When a reporter made fun of Justin Trudeau for taking the bus, he had a great comeback.

Shortly after being sworn in, new Canadian Prime Minister Justin Trudeau and his ministers picked a novel way to travel to their first cabinet meeting.

Photo by Geoff Robins/Getty Images.


All together. On a bus.

Similar to this one. Photo by Eastmain/Wikimedia Commons.

The sight of powerful government officials crammed together in one large vehicle struck Peter Mansbridge of the CBC as funny:

"It still feels like you should be singing, like, some 'We're going to camp' song," Mansbridge said.

To which Trudeau responded:

(To be fair, Trudeau did acknowledge that he and his cabinet probably won't always take the bus — and would occasionally opt for a car service or a limo as their jobs required it.)

Trudeau is right. Lots of people do take the bus to work.

Not a lot of high-profile reporters and politicians, perhaps, but lots of regular people, many who don't have the option to travel by private car.

At the same time, there's a stigma associated with taking the bus. Wealthy riders often frequently avoid buses — both because they tend to live in lower-density areas and because bus travel is so firmly associated with poverty.

When the rich and powerful do take public transit — like when Jake Gyllenhaal or Jay-Z takes the subway — it's often portrayed as a big deal, as if it's somehow generous or "real" of them to travel the way millions of regular commuters do each day.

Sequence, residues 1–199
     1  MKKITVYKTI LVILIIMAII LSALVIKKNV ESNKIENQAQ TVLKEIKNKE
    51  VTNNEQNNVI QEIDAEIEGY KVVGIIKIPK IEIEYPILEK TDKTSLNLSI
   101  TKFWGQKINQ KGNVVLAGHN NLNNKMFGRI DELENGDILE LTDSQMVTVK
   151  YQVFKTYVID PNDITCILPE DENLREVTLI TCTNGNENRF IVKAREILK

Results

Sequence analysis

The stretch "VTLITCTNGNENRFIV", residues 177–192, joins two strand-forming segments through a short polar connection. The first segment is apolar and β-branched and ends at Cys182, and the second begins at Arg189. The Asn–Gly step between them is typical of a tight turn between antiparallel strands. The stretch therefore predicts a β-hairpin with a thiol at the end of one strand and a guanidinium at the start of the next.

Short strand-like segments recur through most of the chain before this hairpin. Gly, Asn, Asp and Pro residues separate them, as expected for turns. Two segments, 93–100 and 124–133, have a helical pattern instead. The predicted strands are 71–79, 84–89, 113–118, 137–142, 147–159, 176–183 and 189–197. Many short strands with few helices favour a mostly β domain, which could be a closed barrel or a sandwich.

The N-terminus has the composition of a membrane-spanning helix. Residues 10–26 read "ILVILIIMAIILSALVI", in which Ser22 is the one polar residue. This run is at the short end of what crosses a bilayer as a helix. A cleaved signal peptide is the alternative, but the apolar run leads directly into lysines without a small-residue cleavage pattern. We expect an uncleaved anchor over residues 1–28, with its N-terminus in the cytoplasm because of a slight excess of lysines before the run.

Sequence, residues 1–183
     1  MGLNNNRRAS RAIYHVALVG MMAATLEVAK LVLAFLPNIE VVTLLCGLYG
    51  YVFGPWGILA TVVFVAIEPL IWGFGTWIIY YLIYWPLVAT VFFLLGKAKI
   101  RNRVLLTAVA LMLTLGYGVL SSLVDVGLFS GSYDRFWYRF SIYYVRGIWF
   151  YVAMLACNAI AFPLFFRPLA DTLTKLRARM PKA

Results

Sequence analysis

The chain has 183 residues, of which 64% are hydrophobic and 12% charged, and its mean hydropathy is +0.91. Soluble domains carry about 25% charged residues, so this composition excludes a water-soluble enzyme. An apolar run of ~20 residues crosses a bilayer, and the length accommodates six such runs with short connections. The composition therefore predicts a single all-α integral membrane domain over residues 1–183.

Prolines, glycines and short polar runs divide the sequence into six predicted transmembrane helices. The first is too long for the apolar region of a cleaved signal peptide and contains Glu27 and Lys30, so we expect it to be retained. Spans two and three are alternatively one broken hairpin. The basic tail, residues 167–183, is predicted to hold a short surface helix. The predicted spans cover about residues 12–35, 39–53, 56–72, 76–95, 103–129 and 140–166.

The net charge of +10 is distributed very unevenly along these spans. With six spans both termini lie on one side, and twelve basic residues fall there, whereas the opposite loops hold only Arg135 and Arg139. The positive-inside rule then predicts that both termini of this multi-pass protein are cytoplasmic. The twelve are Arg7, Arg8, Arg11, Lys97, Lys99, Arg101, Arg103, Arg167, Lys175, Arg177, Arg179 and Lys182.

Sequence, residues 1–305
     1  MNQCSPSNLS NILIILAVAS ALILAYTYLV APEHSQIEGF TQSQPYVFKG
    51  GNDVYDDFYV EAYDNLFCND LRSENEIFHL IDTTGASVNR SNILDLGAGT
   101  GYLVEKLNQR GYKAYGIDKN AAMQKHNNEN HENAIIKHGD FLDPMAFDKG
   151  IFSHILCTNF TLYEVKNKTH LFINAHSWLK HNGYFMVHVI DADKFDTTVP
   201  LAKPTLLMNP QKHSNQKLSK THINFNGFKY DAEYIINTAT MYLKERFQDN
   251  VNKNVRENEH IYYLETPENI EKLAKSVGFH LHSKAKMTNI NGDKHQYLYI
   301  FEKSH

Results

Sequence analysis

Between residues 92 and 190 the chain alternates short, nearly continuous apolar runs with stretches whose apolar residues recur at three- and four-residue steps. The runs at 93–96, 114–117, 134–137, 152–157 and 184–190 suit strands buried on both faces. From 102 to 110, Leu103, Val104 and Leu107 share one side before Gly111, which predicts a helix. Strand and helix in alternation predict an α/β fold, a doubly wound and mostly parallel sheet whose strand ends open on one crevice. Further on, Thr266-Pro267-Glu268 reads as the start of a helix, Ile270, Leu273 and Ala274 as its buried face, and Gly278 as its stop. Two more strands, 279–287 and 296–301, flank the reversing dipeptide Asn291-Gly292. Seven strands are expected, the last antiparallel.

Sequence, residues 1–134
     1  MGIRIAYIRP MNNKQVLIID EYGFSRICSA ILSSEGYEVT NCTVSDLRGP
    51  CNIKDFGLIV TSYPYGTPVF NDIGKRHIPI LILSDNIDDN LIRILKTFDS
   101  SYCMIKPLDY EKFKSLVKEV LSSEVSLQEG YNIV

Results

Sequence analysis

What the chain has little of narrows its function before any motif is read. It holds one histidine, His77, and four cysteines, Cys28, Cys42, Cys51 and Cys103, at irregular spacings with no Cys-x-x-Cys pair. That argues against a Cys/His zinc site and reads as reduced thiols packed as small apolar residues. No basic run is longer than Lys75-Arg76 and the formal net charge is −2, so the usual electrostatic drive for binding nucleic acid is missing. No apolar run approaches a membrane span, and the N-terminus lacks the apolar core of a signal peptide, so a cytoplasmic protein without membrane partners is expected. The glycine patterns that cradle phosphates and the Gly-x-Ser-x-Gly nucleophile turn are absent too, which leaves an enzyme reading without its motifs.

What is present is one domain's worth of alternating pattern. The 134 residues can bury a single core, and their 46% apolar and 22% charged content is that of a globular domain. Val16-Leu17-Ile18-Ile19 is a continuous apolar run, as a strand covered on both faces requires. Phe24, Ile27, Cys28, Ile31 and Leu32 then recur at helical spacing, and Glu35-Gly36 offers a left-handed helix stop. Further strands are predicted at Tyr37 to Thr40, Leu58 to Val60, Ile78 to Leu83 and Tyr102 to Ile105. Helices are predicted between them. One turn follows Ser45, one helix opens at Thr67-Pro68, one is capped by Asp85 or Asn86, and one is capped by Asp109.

As a result, cities often don't seem to care all that much about bus lines or their riders.

Cities really should care more about public transit — and invest more in it.

Photo by AEMoreira042281/Wikimedia Commons.

Unlike cars, which can deliver five to seven people to a destination in a single trip (and, real talk, typically carry just one or maybe two during your average rush hour), buses can carry dozens in the amount of road space occupied by just two or three cars. Not only does that help clear up road congestions and lower total emissions, but there are massive economic benefits to providing cheap transportation to people who wouldn't otherwise be able to afford it.

According to a 2013 Rutgers University study, increasing the number of available public transit seats by 10% can increase total wages in a city by over $1.5 billion per year (this includes not just buses but subways, light rail, and other methods).

That's why Trudeau's offhand response is actually kinda great.

Photo by Miles, the MBTA Guy/Wikimedia Commons.

No one should be stigmatized for riding the bus — from the prime minister of Canada to a single mom trying to get to her second job. Poor and middle-class people need safe, reliable means of getting to work just like wealthier people, and they shouldn't be shamed for taking one that's cheap, convenient, and environmentally friendly.

Which is why it's so important for cities to keep those wheels going 'round...

And 'round.

Courtesy of FIELDTRIP
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Photo by Tim Mossholder on Unsplash
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Alone, hungry, and scared, Glenda dialed 2-1-1 for help. The person on the other end of the line directed her to the Houston-based nonprofit Bread of Life, founded by St. John's United Methodist pastors Rudy and Juanita Rasmus.

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via Witty Buttons / Twitter

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